26. Kd2 This is a huge blunder as 26…Ne5 and Magnus would be in big trouble! Anand has 26… Nxe5 27. Rxg8 Nxc4+ 28. Kd3 Nb2+ 29. Ke2 Rxg8 30. Rxh6 and Magnus would have been in trouble.
26…a4 Anand made this move instantly without thinking. Big mistake! Now Magnus is much better after 27. Ke2. This was the gift of the match for Anand and he did not see it. What a bad time for Anand to play instantly after Kd2.
27. Ke2 a3 28. f3 Now Magnus is back on course to capitalize on this position.
28…Rd8 I think Anand is lost now, too many weaknesses. What a turn around in this game! Incredible! h6 and a3 pawns are problematic for Anand. I am still stunned about what happened! It is not so often in this level for 2 top players to blunder back to back.
29. Ke1 Rd7 White can simply play 30. Bc1 with too many threats. a3 and h6 pawns are very fragile.
30. Bc1 Ra8 I find Anand’s plan very curious. I do not understand the idea of pushing the pawn to a3 to create another weakness. Kramnik: It looks unplayable for black. I agree with Kramnik that it is a curious choice of opening by Anand. Why would you give Magnus a chance to play his type of chess?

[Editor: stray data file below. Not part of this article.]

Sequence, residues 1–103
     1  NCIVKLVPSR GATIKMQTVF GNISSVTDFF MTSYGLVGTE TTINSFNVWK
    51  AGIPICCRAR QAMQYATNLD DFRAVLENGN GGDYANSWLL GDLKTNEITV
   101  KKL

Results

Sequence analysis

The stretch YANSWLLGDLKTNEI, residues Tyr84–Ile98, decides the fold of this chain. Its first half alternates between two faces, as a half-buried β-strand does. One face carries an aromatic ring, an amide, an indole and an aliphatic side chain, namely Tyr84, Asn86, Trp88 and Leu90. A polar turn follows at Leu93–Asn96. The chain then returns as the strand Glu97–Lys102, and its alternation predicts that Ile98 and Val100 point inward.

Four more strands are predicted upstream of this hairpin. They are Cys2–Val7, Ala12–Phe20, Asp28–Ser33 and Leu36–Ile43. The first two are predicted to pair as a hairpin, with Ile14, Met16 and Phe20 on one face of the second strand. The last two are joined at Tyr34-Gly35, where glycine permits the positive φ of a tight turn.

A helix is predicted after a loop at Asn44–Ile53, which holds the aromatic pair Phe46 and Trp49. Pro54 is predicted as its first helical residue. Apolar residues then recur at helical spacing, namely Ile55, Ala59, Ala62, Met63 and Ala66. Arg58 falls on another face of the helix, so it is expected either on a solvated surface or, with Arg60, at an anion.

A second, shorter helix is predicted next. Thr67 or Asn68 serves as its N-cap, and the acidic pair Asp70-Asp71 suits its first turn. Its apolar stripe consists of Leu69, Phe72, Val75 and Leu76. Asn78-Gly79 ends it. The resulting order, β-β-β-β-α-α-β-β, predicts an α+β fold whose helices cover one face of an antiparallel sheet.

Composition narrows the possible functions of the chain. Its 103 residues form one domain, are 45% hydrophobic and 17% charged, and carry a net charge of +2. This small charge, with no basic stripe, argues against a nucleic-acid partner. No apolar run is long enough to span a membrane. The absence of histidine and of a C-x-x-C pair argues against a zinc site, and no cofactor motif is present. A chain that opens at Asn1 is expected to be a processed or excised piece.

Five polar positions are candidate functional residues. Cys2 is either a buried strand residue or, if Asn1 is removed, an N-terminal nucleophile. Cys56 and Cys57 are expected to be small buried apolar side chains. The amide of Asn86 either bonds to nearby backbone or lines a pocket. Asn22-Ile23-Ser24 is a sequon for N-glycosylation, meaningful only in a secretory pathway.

31. Ke2 Ba4 32. Be4+ Bc6 33. Bxg6 fxg6 White should play 33. Rxg6 Anand will be down two pawn but Bishop opposite color and some counterplay.
34. Rxg6 I now give white 80% chance of winning this game.
34…Ba4 and now 35. Rxe6 with a winning position. I do not see Anand holding this position.
35. Rxe6 and if 34…Rd1 then Bxa3. White is still winning. Kramnik: “It is very painful” when he described the miss win by Anand.
35…Rd1 36. Bxa3 Magnus is willing to give up his bishop for a bunch of pawns. No chance to hold for black.
36…Ra1 Magnus can play 37. Re7+ Ka6 38. Bxc5 bxc539. Rxh6+ Ka5. Or a simple 37. Ke3 should win easily too.
37. Ke3 Bc2 38. Re7+ Now 38… Ka6 39. Rxh6 Ka5 40. e6 Rxa241. Rh8 Ra6 42. Bc1 This is completely winning for Magnus.
And Anand resigned. The score is 3.5 – 2.5 in favor of Magnus.
This is a devastating blow for Anand. He had the win in his hands and blew it. Anand is a great champion. He came back from losses before. If he can fight like a Tiger with no fear, he still has a chance. But if Anand feels sorry/doubt himself then it’s over. Only he can right his ship. But he must fight like there’s no tomorrow!
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– GM Susan Polgar